I’ve included that last note (and I’m not sure the date is entirely accurate), because that’s the first time I encountered the possibility of blogging for business. And like you, I was rather skeptical and uncertain at the time.
Back when I hired him to speak, and probably still today, Tom Parish was an early adopter. Like those on the cutting edge, his modus operandi seems to be assimilate first, monetize later. He was blogging because it was new, and he smelled something big on the horizon.
“You’re a writer,” he told me. “You should blog.”
I didn’t take Tom’s advice, maybe because at that time I was writing for a living. When you write for a living, you only want to pursue something that provides you with cash in return. At that point, I didn’t see the financial benefit to blogging.
Today I do.
The business case for blogging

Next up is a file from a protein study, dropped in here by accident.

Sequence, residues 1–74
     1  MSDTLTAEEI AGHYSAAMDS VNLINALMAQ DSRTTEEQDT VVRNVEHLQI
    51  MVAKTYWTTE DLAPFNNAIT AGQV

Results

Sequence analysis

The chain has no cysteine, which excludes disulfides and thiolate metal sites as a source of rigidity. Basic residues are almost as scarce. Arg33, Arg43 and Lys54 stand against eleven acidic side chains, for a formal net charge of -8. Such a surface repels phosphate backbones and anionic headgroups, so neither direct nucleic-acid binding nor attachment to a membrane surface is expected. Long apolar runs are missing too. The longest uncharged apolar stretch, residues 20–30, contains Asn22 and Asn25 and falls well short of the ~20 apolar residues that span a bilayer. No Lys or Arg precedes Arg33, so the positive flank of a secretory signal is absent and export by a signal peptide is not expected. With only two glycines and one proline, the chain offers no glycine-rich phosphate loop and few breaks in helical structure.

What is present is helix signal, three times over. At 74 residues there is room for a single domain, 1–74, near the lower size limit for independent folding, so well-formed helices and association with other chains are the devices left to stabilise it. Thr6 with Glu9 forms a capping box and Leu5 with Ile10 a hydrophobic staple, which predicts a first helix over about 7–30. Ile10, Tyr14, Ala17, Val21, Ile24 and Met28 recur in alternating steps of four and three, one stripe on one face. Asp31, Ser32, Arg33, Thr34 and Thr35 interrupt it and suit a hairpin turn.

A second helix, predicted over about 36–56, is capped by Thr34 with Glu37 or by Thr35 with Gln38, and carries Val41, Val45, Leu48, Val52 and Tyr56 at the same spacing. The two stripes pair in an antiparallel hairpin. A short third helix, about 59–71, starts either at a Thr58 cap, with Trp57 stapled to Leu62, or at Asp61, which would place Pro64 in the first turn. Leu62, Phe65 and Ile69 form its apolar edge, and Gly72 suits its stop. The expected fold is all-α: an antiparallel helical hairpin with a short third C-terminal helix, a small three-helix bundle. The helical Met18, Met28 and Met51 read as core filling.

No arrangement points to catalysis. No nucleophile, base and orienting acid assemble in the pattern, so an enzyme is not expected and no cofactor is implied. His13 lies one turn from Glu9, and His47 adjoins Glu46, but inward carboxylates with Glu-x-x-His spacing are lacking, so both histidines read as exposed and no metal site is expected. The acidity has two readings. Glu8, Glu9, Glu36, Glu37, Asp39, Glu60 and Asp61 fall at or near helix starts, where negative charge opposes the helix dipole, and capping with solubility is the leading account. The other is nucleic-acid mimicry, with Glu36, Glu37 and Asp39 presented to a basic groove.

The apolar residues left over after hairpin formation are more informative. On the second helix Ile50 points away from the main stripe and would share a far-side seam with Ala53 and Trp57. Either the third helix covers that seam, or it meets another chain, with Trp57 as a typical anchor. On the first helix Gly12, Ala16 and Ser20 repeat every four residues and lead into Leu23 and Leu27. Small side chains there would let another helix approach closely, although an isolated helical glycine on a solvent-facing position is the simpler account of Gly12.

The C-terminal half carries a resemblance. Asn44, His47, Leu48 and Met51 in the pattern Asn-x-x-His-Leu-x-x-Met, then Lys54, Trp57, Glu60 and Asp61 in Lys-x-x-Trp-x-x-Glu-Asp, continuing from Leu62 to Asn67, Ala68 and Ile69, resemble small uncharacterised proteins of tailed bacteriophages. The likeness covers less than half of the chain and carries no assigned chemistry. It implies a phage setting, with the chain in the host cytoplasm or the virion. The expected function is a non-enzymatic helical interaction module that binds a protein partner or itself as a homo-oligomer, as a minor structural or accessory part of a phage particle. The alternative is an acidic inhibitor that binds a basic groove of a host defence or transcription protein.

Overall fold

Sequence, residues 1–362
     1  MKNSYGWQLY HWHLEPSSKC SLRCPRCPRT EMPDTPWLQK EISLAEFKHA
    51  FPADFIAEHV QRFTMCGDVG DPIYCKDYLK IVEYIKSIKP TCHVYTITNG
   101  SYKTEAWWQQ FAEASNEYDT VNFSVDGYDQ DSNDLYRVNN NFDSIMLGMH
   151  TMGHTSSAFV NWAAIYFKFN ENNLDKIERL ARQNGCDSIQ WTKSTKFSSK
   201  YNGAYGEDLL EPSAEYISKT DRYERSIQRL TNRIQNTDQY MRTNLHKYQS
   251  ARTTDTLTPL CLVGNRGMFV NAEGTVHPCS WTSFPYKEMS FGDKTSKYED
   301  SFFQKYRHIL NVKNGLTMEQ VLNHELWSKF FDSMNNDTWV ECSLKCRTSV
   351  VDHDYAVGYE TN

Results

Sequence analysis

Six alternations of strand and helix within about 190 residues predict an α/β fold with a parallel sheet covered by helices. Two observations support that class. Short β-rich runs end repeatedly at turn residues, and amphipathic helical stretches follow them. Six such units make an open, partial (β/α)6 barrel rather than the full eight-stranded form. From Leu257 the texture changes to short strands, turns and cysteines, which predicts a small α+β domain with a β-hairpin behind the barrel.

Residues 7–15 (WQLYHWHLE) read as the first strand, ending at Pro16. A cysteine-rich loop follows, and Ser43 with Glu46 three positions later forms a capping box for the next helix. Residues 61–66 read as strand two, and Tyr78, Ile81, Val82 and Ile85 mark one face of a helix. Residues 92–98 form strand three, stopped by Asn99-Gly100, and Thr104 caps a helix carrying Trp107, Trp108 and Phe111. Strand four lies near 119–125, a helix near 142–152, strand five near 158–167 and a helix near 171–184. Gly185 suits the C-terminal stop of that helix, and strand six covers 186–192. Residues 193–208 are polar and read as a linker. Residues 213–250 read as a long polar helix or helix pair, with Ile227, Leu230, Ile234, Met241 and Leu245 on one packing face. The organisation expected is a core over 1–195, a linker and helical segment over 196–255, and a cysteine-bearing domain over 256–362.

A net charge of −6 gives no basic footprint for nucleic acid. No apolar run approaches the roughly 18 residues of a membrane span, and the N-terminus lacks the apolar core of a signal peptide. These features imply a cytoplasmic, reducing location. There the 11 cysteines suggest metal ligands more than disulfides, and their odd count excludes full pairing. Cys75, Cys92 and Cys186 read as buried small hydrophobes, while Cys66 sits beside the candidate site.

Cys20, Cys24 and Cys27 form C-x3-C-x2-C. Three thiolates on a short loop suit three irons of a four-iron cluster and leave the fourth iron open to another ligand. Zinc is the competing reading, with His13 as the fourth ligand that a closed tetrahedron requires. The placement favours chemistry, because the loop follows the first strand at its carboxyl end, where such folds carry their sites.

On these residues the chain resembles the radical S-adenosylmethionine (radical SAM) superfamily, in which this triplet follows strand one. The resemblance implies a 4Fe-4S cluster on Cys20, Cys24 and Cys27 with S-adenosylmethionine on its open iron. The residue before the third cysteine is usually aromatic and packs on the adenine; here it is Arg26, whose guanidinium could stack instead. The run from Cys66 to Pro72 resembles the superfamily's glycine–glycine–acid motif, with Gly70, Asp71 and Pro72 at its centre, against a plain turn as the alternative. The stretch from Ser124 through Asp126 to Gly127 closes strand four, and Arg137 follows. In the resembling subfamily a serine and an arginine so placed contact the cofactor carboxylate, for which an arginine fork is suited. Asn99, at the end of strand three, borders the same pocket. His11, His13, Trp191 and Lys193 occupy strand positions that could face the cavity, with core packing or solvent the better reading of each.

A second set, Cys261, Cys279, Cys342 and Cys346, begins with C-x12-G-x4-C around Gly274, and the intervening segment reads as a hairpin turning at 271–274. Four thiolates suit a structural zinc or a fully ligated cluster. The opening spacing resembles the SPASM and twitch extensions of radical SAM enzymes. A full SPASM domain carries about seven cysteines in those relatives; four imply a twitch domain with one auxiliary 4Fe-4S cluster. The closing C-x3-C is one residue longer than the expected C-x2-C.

Fast forward to the economic wreckage of 2008, when the marketing landscape felt like a journey down Mad Max’s Fury Road. The shrinking of ad budgets and the rise of social media left marketers scrambling for relevancy, and it opened my eyes to the world of blogging.
I was realizing, as were some of my more enlightened colleagues, that blogging was not some narcissistic writing exercise. It wasn’t a personal diary. It was a public diary. And the benefits for search engines, social media, and website in general were — and still are — profound.
You want to know our not-so-secret method for achieving great search engine rankings for our clients? It’s very simple. We blog.